BEIRUT (Reuters) - A United Nations agency delivered food to a rebel-held Damascus district on Thursday, alleviating the plight of thousands of people trapped for months by a Syrian army siege.
The U.N. Relief and Works Agency (UNRWA), which cares for Palestinian refugees, said it had distributed 1,000 food parcels in Yarmouk camp, its biggest delivery there yet.
UNRWA spokesman Chris Gunness said the aid was the first to reach Yarmouk since January 21 when 138 food parcels were sent in. Each parcel can feed a family of up to 8 for about 10 days, meaning the people’s needs still far outstrip aid deliveries.
“We hope to continue and increase substantially the amount of aid being delivered,” said Gunness. “With each passing hour their need increases.”
Syria’s state news agency SANA confirmed the aid delivery, saying Yarmouk’s residents were “held hostage by armed terrorist groups” - its usual description of rebel forces.
UNRWA had blamed the authorities for preventing its convoy from reaching the neighborhood on Sunday. Two weeks earlier, aid convoys turned back after a government escort was fired on.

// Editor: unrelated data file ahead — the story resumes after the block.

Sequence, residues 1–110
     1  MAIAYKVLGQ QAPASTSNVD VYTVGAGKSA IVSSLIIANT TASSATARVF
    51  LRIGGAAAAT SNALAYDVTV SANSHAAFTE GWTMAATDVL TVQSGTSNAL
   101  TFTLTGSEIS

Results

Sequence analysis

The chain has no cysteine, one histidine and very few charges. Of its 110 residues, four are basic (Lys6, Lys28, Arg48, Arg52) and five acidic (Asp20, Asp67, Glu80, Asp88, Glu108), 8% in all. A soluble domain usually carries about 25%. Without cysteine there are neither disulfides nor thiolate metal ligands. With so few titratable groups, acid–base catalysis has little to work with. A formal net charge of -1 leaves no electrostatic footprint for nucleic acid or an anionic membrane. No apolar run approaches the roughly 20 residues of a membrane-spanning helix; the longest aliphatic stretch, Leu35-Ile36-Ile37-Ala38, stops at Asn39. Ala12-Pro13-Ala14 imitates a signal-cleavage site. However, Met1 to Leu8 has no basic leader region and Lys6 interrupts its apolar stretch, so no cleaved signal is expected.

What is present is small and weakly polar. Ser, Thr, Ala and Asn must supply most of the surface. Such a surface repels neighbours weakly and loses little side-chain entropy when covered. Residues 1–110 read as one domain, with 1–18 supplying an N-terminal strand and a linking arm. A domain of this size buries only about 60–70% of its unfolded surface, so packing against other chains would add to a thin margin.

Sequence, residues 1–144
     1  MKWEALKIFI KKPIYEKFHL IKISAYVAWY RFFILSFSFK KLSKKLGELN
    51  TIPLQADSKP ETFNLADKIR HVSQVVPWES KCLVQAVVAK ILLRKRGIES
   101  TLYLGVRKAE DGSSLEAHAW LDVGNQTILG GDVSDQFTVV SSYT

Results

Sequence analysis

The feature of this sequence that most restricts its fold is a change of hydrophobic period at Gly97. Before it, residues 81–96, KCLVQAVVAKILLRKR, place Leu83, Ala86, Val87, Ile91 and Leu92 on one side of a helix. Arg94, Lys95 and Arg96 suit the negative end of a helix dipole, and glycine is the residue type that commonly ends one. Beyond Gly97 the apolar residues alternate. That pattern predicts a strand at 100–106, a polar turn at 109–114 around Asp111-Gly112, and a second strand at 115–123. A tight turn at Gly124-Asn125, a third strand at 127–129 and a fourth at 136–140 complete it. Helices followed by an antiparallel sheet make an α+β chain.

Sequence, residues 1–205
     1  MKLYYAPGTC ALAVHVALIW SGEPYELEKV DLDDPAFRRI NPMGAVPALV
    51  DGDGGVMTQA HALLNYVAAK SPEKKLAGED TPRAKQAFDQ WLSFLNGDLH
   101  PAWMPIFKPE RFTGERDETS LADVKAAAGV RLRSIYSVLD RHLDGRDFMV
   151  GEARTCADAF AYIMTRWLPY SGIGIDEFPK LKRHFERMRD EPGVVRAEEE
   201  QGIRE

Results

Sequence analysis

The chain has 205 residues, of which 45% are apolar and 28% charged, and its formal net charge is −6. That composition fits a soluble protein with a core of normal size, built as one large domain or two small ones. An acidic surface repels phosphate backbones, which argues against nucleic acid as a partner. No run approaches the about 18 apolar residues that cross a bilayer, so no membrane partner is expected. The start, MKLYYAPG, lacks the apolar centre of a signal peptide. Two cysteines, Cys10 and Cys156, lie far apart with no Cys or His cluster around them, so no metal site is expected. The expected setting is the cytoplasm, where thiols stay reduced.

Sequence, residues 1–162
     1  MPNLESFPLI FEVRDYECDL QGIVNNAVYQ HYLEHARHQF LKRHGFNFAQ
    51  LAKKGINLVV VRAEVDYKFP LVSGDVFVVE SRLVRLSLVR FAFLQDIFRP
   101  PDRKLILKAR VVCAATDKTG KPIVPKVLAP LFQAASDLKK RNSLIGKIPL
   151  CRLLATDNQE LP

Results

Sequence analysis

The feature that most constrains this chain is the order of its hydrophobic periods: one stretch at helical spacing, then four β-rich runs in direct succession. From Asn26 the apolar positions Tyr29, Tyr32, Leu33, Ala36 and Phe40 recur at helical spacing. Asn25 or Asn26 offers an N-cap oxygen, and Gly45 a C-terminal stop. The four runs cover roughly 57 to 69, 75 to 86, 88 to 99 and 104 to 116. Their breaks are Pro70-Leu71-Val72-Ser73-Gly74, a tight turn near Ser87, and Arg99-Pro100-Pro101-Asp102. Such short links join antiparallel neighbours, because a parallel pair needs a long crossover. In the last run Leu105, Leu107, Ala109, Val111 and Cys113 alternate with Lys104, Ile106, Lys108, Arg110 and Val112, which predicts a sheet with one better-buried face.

Some 15 people are reported to have died from malnutrition in Yarmouk, originally an impoverished Palestinian refugee camp which now houses 18,000 Palestinians, as well as some Syrians.
Opposition activists say the government is using hunger as a weapon of war. Damascus accuses rebels of firing on aid convoys and says it fears food and medicine will go to armed groups.
Syrian state television said the al-Qaeda-linked Nusra Front had fired on aid workers and wounded several people during the distribution. The anti-Assad Syrian Observatory for Human Rights said that unknown assailants had fired bullets.
It was not clear if this had prevented some of the aid from reaching Yarmouk’s residents and UNRWA did not immediately respond to requests for comment on the incident.
At peace talks between the two sides in Geneva, the United Nations is trying to negotiate passage for an aid convoy for 2,500 people also under siege in the old city of Homs.
Gaining access for relief groups to reach an estimated 250,000 people trapped by fighting in Yarmouk, Homs and other areas is seen as a test for the peace talks, which began last week and have not yet produced substantive results.
Syria’s conflict began with popular protests against President Bashar al-Assad in March 2011, but evolved into a civil war after a crackdown by security forces led to an armed uprising. More than 130,000 people have been killed and about six million have fled their homes.
Reporting by Stephen Kalin and Oliver Holmes; Editing by Tom Heneghan